Anna Stokely is one of the more recent additions to the press: Publicist, book hoarder, and needlework enthusiast. For the Press’ 75th anniversary—and out of her own curiosity—she is interviewing her more experienced co-workers to put a more familiar face on one of the largest university presses in the country.
Rob Taylor is our Sports Editor, dedicated White Sox follower, and believer in the bicycle.
AS: What’s your current job at UNP, and how long have you held it?
RT: I’m senior editor. I got that title in ’07 or so but I joined the press in November of 2003.
AS: Can you describe a typical day?
RT: Most of the time, I’m looking at new submissions or in the various stages of reviewing contracted manuscripts. Most manuscripts come in needing some level of revising before they can be transmitted to Editorial, Design, and Production. That, plus the everyday email from authors and others, and looking for new writers and possible book ideas.
AS: Great, thanks. You mentioned that you joined UNP in 2003. What job did you have before senior editor?
RT: Prior to that I’d spent seven years in Chicago where I began working in publishing. I worked for a distributor/publisher in customer service/sales for the first year, then as an editor for Contemporary Books from ’97-’02.
AS: Wow. So you’ve been involved in books for some time now.
RT: My first “real” books job was retail. I worked for both B. Dalton and Barnes & Noble in the Dallas area in ’92-94; that experience really helped once I decided to make a move into book publishing.
AS: So, what first brought you to UNP?
RT: I’d decided to leave Chicago after seven years to be closer to family. I wanted to do something different, and was working for a landscaping contractor in Omaha when UNP announced they were hiring a full-time acquiring editor for sports. It was a natural fit because I’d acquired sports in my previous job. I applied, and was lucky enough to get the job.
AS: What made you want to “do something different?”
RT: Honestly, it was the pull to leave the office environment for a while and do something more trade-oriented.
AS: Understandable. I’m lucky enough to have a window by my desk, but I totally understand the desire to be outside during the day.
RT: That was a good perk. I sometimes miss that work, too, but I got drawn back to publishing by the chance to work with writers and new ideas, which I really missed after a year or so.
AS: Great. Can you describe your most memorable moment at the Press?
RT: That’s a hard one. Not sure I can pick a single one, but my best moments have happened when authors get the attention or recognition that their books deserve, whether it’s in the form of an award or a good review.
AS: Along that note, though: Is there a particular book you’ve enjoyed working on the most?
RT: One of the first books I acquired at UNP was Steve Smith’s Forever Red. At the time, I didn’t think there needed to be another Nebraska football book but Steve had a great idea and terrific and insightful voice. And he became not only an author, but a good friend.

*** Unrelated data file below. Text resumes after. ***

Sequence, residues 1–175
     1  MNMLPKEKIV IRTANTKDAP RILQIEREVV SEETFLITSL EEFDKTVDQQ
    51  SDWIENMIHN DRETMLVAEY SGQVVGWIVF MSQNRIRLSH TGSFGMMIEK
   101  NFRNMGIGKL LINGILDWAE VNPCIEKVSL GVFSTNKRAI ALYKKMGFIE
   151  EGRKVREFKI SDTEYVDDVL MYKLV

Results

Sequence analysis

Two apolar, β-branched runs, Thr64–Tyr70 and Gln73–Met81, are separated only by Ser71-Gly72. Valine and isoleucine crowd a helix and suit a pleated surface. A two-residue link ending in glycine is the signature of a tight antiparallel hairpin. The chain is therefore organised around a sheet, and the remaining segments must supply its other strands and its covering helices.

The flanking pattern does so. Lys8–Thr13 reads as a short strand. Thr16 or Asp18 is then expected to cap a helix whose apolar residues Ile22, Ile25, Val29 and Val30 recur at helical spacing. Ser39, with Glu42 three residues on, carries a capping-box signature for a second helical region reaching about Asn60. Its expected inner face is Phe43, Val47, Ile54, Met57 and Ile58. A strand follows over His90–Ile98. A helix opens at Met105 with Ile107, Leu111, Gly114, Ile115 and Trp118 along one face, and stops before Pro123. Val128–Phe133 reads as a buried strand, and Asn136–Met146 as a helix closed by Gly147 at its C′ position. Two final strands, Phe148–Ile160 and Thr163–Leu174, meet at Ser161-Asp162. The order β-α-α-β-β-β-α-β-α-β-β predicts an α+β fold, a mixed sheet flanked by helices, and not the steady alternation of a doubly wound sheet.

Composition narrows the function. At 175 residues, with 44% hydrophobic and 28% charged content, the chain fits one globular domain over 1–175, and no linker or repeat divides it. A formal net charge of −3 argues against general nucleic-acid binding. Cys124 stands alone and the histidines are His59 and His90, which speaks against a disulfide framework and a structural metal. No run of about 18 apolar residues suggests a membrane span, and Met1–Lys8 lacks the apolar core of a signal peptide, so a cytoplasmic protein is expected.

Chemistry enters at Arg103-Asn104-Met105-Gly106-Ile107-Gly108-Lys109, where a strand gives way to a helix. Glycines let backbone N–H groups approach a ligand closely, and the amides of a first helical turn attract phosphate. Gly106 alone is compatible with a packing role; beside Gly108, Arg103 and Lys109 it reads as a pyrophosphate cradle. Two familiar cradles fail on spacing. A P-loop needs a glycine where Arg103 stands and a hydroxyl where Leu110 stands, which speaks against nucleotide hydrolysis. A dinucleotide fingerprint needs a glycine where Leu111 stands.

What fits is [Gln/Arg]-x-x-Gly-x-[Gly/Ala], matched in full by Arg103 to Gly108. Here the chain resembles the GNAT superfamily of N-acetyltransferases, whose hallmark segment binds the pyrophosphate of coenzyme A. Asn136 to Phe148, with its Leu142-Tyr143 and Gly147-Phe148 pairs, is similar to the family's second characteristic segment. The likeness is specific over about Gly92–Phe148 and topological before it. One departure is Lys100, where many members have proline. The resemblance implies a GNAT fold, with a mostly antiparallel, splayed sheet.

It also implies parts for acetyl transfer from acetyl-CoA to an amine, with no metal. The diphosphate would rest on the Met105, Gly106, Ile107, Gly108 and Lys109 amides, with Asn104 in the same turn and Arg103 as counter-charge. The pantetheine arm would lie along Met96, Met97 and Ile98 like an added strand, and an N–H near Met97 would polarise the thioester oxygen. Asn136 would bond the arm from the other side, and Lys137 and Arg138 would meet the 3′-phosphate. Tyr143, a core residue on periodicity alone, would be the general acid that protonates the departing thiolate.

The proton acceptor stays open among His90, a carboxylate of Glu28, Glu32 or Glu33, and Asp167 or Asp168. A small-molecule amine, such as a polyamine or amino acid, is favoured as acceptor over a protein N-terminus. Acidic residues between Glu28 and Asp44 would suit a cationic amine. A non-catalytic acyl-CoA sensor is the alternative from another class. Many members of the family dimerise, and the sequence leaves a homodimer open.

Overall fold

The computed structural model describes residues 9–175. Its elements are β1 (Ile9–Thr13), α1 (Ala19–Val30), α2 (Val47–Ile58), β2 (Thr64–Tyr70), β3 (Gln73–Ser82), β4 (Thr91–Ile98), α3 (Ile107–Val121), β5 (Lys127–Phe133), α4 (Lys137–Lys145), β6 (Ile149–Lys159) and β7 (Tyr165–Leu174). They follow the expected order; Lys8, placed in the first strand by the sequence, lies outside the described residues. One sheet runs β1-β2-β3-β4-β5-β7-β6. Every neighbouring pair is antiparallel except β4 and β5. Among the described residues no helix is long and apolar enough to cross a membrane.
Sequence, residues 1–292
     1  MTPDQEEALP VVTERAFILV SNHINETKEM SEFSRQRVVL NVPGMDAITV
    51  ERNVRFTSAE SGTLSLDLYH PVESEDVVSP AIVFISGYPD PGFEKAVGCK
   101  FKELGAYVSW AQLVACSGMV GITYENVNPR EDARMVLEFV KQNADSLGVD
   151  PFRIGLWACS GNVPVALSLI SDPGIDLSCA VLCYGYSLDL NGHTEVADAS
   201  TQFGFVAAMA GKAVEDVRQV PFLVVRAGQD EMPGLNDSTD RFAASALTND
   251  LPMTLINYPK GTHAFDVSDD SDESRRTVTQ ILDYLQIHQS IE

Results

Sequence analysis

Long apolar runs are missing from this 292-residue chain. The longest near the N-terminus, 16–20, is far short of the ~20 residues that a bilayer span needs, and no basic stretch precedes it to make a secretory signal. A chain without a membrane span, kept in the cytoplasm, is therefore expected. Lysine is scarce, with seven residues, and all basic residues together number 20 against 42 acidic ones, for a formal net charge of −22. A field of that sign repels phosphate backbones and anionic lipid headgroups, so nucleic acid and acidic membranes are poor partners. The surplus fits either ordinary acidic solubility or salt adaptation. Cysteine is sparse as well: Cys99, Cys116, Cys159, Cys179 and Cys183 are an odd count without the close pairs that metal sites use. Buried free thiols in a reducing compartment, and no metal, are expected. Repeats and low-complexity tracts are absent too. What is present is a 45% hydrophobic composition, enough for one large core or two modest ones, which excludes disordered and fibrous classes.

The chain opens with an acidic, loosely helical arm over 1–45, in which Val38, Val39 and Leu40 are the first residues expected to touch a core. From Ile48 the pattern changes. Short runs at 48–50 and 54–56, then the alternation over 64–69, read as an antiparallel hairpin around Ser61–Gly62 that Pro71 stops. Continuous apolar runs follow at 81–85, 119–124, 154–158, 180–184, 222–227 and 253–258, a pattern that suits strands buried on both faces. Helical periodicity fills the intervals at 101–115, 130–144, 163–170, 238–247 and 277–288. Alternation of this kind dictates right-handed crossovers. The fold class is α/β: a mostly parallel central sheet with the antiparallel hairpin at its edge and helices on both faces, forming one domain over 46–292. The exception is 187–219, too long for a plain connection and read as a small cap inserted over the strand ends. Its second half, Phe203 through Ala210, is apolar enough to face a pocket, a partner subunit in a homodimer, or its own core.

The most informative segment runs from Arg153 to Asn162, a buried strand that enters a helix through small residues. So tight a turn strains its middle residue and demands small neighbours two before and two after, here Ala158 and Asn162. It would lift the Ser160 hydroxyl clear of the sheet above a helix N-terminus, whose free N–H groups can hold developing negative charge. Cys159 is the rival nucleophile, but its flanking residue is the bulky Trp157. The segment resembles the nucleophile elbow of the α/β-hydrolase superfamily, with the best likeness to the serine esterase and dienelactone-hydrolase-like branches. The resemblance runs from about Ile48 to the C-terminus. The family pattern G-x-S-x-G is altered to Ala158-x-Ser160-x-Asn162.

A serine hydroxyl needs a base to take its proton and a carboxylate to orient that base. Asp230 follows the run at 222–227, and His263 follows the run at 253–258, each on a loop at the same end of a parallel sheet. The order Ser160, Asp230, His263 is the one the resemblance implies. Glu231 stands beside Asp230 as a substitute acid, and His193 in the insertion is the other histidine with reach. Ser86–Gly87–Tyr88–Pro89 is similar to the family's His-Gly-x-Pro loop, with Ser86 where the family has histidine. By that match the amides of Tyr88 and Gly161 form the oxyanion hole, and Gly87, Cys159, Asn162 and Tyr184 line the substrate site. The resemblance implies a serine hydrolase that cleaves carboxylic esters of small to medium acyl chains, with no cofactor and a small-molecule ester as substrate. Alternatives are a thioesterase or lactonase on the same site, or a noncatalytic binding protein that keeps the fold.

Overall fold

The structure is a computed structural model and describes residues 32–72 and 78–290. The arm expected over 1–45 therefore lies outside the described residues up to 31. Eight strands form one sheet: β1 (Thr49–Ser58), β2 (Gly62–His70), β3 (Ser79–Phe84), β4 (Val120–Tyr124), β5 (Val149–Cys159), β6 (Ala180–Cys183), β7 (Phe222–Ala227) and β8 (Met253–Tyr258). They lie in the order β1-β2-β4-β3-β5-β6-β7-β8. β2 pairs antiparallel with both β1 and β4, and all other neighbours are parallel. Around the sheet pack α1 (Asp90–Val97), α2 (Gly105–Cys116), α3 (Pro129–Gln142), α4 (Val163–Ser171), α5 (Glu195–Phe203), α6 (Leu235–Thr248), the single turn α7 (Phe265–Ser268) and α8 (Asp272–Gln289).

AS: That’s excellent. Do you stay in touch with a lot of your authors?
RT: I try to stay in touch; it can be challenging at times if there’s not a new project, but it’s always great to reconnect with authors.
AS: I always thought of writing as intensely personal. You sort of instantly form a relationship with anyone who looks at your work with a critical eye.
RT: Writing is so personal for authors, understandably so. I try to make sure authors trust me before I ask them to make meaningful changes to a manuscript.
AS: Is there a forthcoming book you’re excited for people to read or talk about?
RT: I’ll say Striking Distance from Spring/Summer 2016 (July). It’s an engaging view into Bruce Lee’s life before he became the well-known cultural icon and film star, when he was breaking into San Francisco’s fledgling martial arts scene.
AS: What’s the most memorable interaction you’ve had with a reader or an author at an event?
RT: One that comes to mind is last year at SABR, Rob Fitts did a signing with Masanori Murakami, who’d just arrived overnight from Japan. There was a line of 40-50 people waiting for him to sign. It was a thrill to see that and to meet him in person.
AS: I’ll bet; I’ve read a little of Mashi. Seems like a fascinating person.
AS: What advice do you have for people starting a career in publishing?
RT: Almost everyone thinks they want to go into publishing because they love books, and I was one of those people. But it can be a hard industry to break into. Everyone looks first to editorial; my best advice is to look at all the parts; editorial, production, sales and marketing, subrights, etc.
That, and don’t overlook working for a literary agent. Oh, and be prepared to move because most publishing jobs are on the East Coast.
AS: That’s great advice. Would you say your work in sales helped you become a better writer?
RT: Working in sales may have helped me become a decent writer of the jacket/descriptive copy, but it’s still a struggle.
AS: Could you talk a little more about agents?
RT: On agents, they’re a lot like editors in that they have to look at new projects and decide if they are viable as a book or not. They are absolutely necessary if you’re trying to be published with one of the major New York publishers.
AS: This has been great. Thanks so much for chatting.